Carl Addison is the Executive Director of Earthen Vessels Ministry. EVM, Inc. is a ministry devoted to the personal, emotional, spiritual, and professional health and growth of ministers, and to the health of their relationships with their spouses, families, and congregations.
One of the most important pieces of pastoral ministry, surprisingly enough, has to do with how one handles the challenges of leaving a church and moving on to whatever is next. How we leave determines to a large degree how a pastor is remembered, whether what that pastor has invested in others bears long-term fruit, and how the church proceeds into its future.
There are several aspects to consider when it comes to what it means to leave well Each of these should contribute to the overall attitude and heart with which a pastor leaves, even if the time of departure is somewhat less than harmonious.
1. The departing pastor should make every effort in reconciling any relationship that may be broken. None of us are immune to relational difficulties, but leaving without making that last effort to find forgiveness and healing leaves both the departing pastor and the remaining person with the likelihood of a broken relationship continuing far into the future. However, the reality of a pastor’s moving on can often make others much more open to reconciliation. In addition, the healing of relationships adds a peace to leaving that nothing else can.
2. The pastor should allow the church to grieve. Of course, grief often takes the form of anger, so one should not be caught off guard by some unhealthy behavior which might seem otherwise out of character. The pastor who is leaving is often looking forward with great excitement to what is next, while church members are hurting over the loss of one they have come to love. Expect to deal with just such emotions.
3. Leave with financial transparency. The church board should not be surprised by financial issues they might discover after the pastor leaves. Often, those in ministry find it difficult to communicate about financial issues. Consequently, many churches find themselves in financial holes about which they were previously unaware. Be willing to be completely open about the status of the church’s finances as preparations are made to depart.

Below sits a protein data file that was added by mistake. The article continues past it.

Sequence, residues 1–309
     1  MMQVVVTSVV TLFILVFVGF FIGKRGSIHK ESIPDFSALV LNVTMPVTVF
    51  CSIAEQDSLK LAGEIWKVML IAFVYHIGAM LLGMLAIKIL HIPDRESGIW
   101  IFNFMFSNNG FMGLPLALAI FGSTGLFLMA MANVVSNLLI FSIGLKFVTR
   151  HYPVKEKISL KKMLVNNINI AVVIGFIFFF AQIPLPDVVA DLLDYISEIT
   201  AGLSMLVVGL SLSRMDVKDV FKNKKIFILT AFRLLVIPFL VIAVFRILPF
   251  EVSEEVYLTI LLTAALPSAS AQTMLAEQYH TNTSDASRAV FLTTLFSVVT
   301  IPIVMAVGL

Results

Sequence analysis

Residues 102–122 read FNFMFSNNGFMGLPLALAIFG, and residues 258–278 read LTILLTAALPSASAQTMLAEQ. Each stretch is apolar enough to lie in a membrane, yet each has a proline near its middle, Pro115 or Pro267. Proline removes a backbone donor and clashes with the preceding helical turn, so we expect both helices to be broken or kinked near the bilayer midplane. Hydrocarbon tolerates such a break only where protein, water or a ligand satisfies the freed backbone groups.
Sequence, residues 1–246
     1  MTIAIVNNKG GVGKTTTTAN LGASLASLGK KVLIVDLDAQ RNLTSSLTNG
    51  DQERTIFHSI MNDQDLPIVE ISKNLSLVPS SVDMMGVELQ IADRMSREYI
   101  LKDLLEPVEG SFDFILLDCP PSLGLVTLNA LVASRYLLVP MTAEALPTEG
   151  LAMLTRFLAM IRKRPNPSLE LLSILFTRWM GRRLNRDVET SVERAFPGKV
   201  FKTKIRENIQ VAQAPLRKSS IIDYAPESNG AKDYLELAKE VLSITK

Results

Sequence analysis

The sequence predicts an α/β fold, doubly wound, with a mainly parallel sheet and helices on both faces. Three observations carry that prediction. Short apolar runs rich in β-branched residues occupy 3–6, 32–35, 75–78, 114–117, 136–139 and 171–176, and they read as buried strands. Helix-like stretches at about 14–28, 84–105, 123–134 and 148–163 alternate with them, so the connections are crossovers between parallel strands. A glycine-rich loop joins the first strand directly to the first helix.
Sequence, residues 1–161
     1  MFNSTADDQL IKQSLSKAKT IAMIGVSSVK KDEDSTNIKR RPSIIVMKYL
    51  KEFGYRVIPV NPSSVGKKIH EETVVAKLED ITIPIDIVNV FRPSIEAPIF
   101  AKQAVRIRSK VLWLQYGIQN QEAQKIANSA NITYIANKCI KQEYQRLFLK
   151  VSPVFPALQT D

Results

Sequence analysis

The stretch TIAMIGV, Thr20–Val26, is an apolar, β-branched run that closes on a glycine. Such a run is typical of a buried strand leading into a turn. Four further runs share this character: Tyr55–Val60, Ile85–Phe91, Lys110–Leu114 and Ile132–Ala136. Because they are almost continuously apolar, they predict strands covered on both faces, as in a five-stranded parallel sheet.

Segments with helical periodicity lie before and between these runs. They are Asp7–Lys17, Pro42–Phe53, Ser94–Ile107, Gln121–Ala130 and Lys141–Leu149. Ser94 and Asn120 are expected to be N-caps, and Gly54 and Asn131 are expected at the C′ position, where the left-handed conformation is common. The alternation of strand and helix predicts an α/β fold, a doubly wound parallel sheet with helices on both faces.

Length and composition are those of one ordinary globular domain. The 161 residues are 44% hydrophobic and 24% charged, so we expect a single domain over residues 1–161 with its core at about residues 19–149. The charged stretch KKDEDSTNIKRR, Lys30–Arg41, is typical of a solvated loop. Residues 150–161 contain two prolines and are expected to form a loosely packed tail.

4. Allow the church to celebrate. They are not celebrating that their pastor is leaving, they are celebrating their pastor. They are expressing appreciation, recognizing influence, and expressing gratitude for how God has used the pastor in many lives. It may feel awkward, but the church deserves to say thank you – even if the pastor is leaving either due to or in the midst of high levels of stress or tension.
5. Allow yourself and your family to grieve. Ministry is more than a job. The church one is leaving has been home and family to those leaving, and in spite of the lure of a future call, there will likely be a corresponding sense of loss. Acknowledge it, talk about it with your family and others, cry together, and give God thanks for the past. Along with the grief, the departing pastor may experience disappointment if the he or she was unable to accomplish all that had hoped. And, there may even be some resentment towards some persons who have not provided support or who have been sources of pain, even if it was unintentional. Don’t be reluctant to meet with a counselor or pastor friend to work through some emotions so that you don’t take them with you to the next assignment. Unresolved emotions can become toxic to the pastor.
6. Tie up loose ends without committing the next pastor to things he or she may not want to do. Finish projects, prepare staff for what lies ahead for them, but refrain from establishing plans that may not fit the next pastor’s vision. Resist the temptation to say some of those harsh things that might have crossed your mind through the years as frustration and challenges have come along.
7. Express love, appreciation and encouragement to the congregation every time an opportunity comes along. They need to know that God will still be with them, that he will lead them into a new future, and that you are grateful for the time you have had with them. Be sure they know that your love for them remains, even though your relationships will change.
Leaving well is critical. Not only does it impact how you are remembered and how deeply your imprint remains in others lives, it also enables the next piece of ministry and life to get started with a right heart, a clear conscience, and “the peace that passes understanding.”